Cybersecurity isn’t getting any easier. Data breaches are growing in frequency, scope and the level of damage they inflict. Cyber criminals have become increasingly savvy and sophisticated, which means organizations have to work harder than ever to maintain (let alone improve) their security posture. Today, they have to engage a broader swath of the workforce to take responsibility for cybersecurity.
The good news is, there are plenty of tools available to help. But more tools don’t necessarily mean more security. All too often, organizations are swept up in the fast pace of the market and end up accumulating an abundance of tactical tools that only solve part of the problem, overlap with what they already have or just go underused. These tools usually require manual execution, which just exacerbates the dire cyber engineer shortage. Alternatively, some organizations become overwhelmed by the vastness of the industry and resort to a deer-in-the-headlights approach; they don’t know where to begin, so they postpone any major purchases or simply underinvest in crucial products or services.
No matter the reason—whether you’ve over or under-invested in security tools, don’t know the extent of your security capabilities or you’re facing new regulations that require you to continually demonstrate and maintain compliance—there is a path forward. To do this, you need to answer five key questions:
1. What’s your objective?
Of course, everyone wants to be more secure, but that’s too vague to drive meaningful improvements. You must define your desired security goals with metrics that are both specific and measurable. For example, do you focus on understanding where sensitive data lives, establishing a baseline of infrastructure security configurations or determining which applications are the highest risk? An equally important goal is to form an overall sense of your organizational security, as well as how secure individual systems are, from application vulnerabilities all the way down to the source-code level (for example, GitHub repositories).
2. What do you have?
Overall security is essentially defined by resiliency, which is the ability to prevent and/or respond to application and infrastructure attacks, coupled with rapid remediation. One way to establish your initial resiliency level is to take inventory of all of your current processes and schedules around code, application and inventory scanning. For example, if you don’t test/scan for vulnerabilities on a continuous basis, your level of resiliency will be low. By taking stock of your existing portfolio of tools and services, you will expose any gaps in coverage as well as any technology overlap. Be sure to do more than simply look at software. You should also take an inventory of people and their skills, processes and systems.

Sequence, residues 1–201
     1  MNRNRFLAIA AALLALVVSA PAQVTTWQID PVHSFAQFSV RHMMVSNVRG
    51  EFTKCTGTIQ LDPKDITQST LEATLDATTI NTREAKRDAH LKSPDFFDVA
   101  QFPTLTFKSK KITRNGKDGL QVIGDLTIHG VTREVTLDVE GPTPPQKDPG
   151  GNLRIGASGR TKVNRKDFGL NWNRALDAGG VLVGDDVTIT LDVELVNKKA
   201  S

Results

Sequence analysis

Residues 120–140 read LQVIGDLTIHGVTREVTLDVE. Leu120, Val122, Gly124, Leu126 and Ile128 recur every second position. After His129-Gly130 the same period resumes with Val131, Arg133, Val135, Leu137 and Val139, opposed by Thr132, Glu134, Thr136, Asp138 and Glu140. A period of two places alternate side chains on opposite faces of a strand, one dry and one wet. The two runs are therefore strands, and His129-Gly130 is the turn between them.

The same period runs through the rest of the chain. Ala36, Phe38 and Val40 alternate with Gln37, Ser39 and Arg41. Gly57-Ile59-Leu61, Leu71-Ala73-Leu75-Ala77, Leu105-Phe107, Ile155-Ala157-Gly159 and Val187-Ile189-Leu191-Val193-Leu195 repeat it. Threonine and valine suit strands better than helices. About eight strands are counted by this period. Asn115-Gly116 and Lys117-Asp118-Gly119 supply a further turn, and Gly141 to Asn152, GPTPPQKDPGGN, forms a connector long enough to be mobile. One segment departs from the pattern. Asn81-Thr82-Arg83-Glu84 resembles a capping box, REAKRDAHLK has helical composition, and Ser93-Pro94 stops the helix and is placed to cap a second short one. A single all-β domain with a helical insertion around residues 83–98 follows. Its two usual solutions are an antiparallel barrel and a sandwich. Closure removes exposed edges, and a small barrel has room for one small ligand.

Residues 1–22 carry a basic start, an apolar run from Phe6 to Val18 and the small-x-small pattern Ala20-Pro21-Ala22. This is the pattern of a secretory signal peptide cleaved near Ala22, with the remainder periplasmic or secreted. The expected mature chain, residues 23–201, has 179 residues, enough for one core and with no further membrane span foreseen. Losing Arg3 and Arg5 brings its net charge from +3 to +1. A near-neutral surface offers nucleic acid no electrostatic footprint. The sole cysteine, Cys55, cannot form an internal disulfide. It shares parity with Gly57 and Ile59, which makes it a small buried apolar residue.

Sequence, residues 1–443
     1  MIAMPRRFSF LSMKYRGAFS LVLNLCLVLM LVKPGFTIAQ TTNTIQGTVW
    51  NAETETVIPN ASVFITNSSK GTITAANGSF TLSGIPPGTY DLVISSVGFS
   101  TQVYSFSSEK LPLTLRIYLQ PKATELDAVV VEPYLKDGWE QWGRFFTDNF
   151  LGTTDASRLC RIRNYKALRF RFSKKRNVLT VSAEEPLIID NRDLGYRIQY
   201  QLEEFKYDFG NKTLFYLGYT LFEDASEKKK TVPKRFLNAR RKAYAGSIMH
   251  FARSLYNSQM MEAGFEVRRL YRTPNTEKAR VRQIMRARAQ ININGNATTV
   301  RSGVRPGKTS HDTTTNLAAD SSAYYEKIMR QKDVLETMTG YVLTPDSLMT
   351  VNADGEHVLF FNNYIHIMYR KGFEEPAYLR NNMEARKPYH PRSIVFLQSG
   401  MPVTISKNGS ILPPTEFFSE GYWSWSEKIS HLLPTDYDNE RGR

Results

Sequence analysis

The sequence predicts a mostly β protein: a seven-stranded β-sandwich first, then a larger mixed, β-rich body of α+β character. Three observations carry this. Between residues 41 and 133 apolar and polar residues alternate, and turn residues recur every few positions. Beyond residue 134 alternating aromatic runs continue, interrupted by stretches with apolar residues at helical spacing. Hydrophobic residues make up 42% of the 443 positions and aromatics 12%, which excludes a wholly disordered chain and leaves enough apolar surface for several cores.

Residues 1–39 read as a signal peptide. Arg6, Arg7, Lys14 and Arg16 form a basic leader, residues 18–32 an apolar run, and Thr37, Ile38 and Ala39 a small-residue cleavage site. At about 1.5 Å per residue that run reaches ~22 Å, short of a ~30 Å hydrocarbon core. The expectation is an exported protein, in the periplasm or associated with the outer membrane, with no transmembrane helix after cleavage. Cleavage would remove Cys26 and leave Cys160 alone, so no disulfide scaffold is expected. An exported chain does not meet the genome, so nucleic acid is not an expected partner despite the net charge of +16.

3. What’s important?
Once you’ve completed the inventory, it’s crucial to classify all company systems and applications into tiers based on needs and data sensitivity, to ensure you implement the proper level and frequency of security testing. This classification process, which should be performed frequently, will give you greater insight and visibility across all of your infrastructure. For instance, perhaps your Tier 1 needs a system of cybersecurity tools that Tier 2 doesn’t require. Or, maybe you have an additional tier that doesn’t fall into any one category, and it needs its own subset of tools or protection.
4. What are you trying to accomplish?
Once you’ve uncovered your cybersecurity gaps, it’s time to go back to your original objectives. Create an action plan which maps to and is measured against your desired business outcomes and security posture. For example, let’s say you identified a mission-critical order processing system that’s not being regularly scanned for vulnerabilities. You can now understand how this security weakness makes it impossible to scan-certify your systems when rolling in patches and upgrades.
5. What’s not working?
As you go through this process, you’ll find things in your systems and workflows which are misaligned, lacking or broken. The important thing is to keep the momentum of your vulnerability management moving forward. Don’t get mired in retrospective analysis, focus on the fix. You can do it yourself, hire professional services or invest in a platform to deliver a strategic framework for remediation.
Improve Your Security Posture… and Much More.
When you ask the right questions, you can methodically establish scope, then plan and budget accordingly. You can develop governing systems to maintain control and process integrity, which will improve your overall security posture and help you better allocate valuable financial, technical and employee resources to deliver services in new and more customer-centric ways. With this perspective in mind, security shifts away from being a requirement, or a type of overhead, to an enabler. Stressing this aspect of the initiative to the C-suite and board can help win buy-in and needed resources.